“If you need to replace your iPhone display, it’s important for certified technicians who use genuine Apple display parts to repair it,” the page reads. “Replacements not performed by Apple, authorized service providers or certified technicians might not follow proper safety and repair procedures and could result in improper function or issues with display quality or safety,” reads the document.
Apple says that if displays are not official or installed properly, issues with muli-touch, colour accuracy, brightness and ‘True Tone,’ can occur.
A notification appears on affected iPhone 11 screens for four days after the problem is detected. An additional message is visible in the main settings menu for 15 days following this. After that, the notification is pushed to ‘Settings,’ ‘General,’ and ‘About,’ according to Apple’s support document.
This notification only appears on the iPhone 11 series and not previous versions of the smartphone. The move is reminiscent of Apple displaying notifications when the iPhone detects an unauthorized battery replacement. The notification was criticized by right to repair advocates because it disables the iPhone’s battery health information.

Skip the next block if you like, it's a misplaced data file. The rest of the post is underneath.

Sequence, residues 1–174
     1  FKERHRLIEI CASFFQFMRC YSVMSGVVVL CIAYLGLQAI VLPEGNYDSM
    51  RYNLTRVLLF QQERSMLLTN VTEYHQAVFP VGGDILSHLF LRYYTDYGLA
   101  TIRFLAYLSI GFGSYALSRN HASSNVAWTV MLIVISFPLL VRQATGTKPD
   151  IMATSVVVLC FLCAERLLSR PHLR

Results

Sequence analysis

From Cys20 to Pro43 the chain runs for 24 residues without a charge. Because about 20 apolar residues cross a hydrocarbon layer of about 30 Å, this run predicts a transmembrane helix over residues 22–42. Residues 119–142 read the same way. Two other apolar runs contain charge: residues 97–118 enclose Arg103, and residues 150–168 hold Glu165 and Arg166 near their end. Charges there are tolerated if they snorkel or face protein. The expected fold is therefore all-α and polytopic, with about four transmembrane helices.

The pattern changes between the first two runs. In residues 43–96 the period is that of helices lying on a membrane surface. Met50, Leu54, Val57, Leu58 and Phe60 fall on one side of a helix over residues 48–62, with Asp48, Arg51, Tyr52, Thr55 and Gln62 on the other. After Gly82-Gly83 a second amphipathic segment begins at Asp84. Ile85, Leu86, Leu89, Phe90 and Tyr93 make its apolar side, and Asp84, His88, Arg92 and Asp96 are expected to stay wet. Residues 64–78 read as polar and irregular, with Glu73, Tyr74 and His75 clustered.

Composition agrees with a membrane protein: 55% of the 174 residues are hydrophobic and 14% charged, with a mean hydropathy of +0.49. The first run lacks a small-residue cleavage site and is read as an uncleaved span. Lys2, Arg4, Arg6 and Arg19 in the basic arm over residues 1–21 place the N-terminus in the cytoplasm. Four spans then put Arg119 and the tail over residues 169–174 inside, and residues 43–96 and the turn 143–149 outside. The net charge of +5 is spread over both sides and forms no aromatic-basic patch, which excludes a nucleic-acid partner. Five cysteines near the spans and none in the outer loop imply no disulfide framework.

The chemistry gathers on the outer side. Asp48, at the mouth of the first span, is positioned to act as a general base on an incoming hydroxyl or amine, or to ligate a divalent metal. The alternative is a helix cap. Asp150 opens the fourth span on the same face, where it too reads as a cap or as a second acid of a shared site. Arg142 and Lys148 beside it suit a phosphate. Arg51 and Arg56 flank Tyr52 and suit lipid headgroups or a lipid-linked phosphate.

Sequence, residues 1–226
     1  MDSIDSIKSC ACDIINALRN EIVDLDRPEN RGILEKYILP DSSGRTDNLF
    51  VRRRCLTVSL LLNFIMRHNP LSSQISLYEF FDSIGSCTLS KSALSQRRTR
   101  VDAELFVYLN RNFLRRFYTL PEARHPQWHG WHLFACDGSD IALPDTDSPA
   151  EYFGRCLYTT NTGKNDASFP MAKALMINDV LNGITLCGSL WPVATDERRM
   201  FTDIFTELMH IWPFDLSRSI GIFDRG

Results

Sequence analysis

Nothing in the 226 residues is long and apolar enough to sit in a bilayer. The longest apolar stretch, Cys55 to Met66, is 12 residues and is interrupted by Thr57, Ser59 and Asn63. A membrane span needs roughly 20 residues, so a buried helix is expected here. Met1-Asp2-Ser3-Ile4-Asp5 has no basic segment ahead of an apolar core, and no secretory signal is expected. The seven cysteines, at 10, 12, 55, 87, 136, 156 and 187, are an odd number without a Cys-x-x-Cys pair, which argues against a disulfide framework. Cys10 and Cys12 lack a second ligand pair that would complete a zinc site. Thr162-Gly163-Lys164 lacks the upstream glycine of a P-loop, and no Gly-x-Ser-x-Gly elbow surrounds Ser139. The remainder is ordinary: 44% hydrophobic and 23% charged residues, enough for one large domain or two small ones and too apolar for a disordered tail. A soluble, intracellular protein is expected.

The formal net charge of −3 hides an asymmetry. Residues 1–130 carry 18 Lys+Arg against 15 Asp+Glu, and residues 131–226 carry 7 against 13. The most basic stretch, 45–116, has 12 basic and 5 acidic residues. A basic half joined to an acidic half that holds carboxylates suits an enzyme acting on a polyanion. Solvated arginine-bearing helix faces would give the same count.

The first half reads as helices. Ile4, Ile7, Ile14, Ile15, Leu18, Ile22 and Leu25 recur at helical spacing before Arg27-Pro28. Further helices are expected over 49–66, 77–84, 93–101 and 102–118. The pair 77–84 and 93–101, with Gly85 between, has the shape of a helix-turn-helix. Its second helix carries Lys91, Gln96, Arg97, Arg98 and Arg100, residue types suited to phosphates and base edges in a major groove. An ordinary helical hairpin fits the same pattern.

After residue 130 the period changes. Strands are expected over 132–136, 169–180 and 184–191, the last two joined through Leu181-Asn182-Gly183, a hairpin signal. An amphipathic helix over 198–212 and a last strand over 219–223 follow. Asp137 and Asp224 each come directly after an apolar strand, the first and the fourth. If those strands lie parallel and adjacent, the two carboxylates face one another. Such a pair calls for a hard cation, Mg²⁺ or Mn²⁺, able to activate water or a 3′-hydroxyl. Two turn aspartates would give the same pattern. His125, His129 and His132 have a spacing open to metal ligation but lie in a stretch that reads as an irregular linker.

In some ways, Apple notifying users that their replacement battery isn’t legitimate makes sense. Batteries are dangerous and can explode — remember the Note 7?
This same argument doesn’t apply to the smartphone’s display, though there is a possibility that an iPhone repair shop could be claiming that its replacement displays are authentic when they really aren’t. In that particular instance, the new display-related notification makes a lot of sense.
Apple recently announced that it is now supplying official parts to independent U.S. smartphone repair shops. While the program is making its way to the U.S. first, Apple did test it with 20 independent repair businesses around the world, including one located in Canada.